A Delaware federal magistrate judge ruled last week that St. Jude Medical Inc. must defend part of a products liability suit claiming the Minnesota-based medical device maker had negligently manufactured a spinal cord stimulator that was implanted in a Maryland woman.
The ruling, from U.S. Magistrate Judge Christopher J. Burke, jettisoned claims by Kathleen M. Freed that St. Jude had failed to live up public guarantees regarding the safety of its spinal cord simulator, which was surgically implanted in her during a procedure at Newark’s Christiana Hospital in 2014. Though the procedure was intended to be permanent, Freed said she had the device removed less than one year later, after complaining that it had caused painful electric shocks and burning.
However, Burke said that Freed’s revised complaint had laid out an initial case that the device was dangerous, and granted the Freed one more chance to show that St. Jude failed to warn her and her doctors of the risks associated with its product.
The 33-page memorandum opinion, issued Feb. 1, followed another judge’s decision in 2017 to dismiss the suit without prejudice, finding that their state-law claims had been pre-empted by federal law.
According to court documents, medical products like St. Jude’s spinal cord simulator undergo a rigorous federal oversight and pre-market approval process, which typically protect device-makers from having to face state claims in addition to those arising under federal law.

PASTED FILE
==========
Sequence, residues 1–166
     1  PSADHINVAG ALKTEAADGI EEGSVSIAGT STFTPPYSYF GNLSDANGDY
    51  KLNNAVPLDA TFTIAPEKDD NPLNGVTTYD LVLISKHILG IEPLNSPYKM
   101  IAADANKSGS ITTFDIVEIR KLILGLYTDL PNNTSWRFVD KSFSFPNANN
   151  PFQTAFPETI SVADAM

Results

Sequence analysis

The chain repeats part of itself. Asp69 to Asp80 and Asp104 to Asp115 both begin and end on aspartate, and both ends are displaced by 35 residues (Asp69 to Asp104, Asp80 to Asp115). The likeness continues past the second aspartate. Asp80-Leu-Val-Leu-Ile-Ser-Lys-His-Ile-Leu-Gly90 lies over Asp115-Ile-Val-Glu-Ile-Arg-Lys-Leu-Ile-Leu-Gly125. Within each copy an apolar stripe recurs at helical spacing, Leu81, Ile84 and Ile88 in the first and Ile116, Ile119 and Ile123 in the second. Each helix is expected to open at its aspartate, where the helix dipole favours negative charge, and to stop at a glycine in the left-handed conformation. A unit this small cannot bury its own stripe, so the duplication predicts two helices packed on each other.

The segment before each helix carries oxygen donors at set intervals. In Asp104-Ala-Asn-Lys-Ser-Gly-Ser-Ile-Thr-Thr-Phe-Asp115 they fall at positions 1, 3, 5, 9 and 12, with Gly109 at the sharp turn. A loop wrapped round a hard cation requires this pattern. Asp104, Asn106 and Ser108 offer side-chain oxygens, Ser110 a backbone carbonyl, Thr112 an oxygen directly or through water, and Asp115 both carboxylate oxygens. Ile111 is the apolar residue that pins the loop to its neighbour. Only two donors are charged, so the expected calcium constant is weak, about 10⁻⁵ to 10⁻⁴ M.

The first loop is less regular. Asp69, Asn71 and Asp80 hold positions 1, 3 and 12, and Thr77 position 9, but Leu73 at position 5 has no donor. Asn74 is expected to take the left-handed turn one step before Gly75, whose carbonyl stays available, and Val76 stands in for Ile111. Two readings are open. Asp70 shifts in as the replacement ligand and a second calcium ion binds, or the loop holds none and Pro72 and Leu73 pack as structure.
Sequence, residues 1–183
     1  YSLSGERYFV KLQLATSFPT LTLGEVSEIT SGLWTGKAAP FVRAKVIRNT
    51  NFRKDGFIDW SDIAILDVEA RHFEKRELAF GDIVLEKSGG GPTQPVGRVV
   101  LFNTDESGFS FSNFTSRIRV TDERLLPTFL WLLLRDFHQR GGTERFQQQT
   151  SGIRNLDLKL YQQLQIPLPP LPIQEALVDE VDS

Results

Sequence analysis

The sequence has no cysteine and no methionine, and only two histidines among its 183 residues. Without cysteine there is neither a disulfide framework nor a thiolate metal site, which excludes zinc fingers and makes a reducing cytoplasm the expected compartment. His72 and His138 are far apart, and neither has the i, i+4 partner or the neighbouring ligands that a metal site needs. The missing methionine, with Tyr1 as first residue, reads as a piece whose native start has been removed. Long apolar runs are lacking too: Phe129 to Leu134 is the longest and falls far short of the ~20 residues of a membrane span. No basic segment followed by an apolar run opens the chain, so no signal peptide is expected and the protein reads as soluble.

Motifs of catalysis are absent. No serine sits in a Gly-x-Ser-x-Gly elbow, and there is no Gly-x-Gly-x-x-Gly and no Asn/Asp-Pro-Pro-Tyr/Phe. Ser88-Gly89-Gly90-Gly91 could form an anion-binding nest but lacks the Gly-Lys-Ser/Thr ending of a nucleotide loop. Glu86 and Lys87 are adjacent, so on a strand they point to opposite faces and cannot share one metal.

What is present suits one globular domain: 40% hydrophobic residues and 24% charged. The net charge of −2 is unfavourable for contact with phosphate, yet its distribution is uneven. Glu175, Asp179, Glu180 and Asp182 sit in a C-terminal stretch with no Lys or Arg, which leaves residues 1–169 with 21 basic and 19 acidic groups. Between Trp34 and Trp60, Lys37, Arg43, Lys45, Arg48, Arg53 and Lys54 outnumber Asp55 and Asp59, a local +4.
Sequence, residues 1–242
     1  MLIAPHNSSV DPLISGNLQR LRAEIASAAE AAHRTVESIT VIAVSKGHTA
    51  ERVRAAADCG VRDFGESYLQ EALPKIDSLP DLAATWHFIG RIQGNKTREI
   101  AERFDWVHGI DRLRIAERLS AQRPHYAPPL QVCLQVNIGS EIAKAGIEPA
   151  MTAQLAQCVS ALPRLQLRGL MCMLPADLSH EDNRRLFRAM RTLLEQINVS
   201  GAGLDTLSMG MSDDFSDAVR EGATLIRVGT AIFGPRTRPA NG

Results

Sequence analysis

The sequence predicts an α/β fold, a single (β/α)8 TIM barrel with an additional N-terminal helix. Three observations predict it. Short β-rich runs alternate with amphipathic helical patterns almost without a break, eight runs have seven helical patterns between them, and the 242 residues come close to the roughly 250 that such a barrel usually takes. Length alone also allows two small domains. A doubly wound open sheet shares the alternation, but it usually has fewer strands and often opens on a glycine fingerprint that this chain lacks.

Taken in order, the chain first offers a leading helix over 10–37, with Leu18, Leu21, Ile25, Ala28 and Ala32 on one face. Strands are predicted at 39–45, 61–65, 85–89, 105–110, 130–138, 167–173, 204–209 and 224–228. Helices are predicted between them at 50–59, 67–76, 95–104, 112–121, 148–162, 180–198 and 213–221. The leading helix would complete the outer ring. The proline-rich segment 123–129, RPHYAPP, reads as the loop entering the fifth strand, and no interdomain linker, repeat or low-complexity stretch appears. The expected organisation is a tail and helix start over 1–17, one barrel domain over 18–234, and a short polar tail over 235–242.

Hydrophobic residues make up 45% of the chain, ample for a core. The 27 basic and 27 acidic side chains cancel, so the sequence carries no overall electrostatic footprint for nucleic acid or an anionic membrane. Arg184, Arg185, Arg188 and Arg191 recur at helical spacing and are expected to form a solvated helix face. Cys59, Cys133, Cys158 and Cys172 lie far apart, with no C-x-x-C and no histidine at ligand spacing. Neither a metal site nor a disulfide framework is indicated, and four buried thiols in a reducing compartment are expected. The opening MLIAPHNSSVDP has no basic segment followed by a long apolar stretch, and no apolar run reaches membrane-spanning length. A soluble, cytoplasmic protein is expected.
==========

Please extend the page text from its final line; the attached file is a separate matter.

David G. Culley, an attorney for Freed and her husband, argued that their claims ran parallel to the federal statutes because Delaware law imposed additional requirements on the company regarding the “safety and effectiveness” of the device.
In the amended complaint, he said the defect was linked specifically to the neurostimulator and battery components, which had been implanted in his client’s left buttocks, alleging that St. Jude had been forced to recall similar products in the past.
Burke said the changes were enough to support Freed’s claim that the spinal cord stimulator was manufactured in violation of industry and regulatory standards, addressing a key concern raised earlier in the case.
“They now include allegations that can be fairly read to assert that the battery component of the [spinal cord stimulator] device (by itself, or in conjunction with the neurostimulator) was adulterated or defective,” Burke said, adding that the revised complaint had helped “the reader draw reasonable inferences that these particular components of the device were adulterated due to federal violations.”
While Burke dismissed three counts for various alleged breaches of warranty for pre-emption, he did provide Culley one more chance to plead a claim on behalf of his client for failure to warn.
The key issue there, he said, was “why it is plausible” that St. Jude’s alleged failure to report problems with its product would have reached Freed and her doctors, thus impacting their decision to go forward with the surgery. St. Jude had argued for the claim to be dismissed without prejudice; however, Burke said the issue had not been previously addressed in the case and gave Freed and her husband “one final opportunity to amend their failure to warn claim in this regard.”
Culley, a director with Tybout, Redfearn & Pell in Wilmington, was not immediately available to comment, and an attorney for St. Jude did not return a call Monday afternoon seeking comment on the ruling.
St. Jude is represented by Brian M. Rostocki and Benjamin P. Chapple of Reed Smith’s Wilmington office and partners J. David Bickham and Lisa M. Baird in the firm’s San Francisco and Miami offices.
The case is captioned Freed v. St. Jude Medical.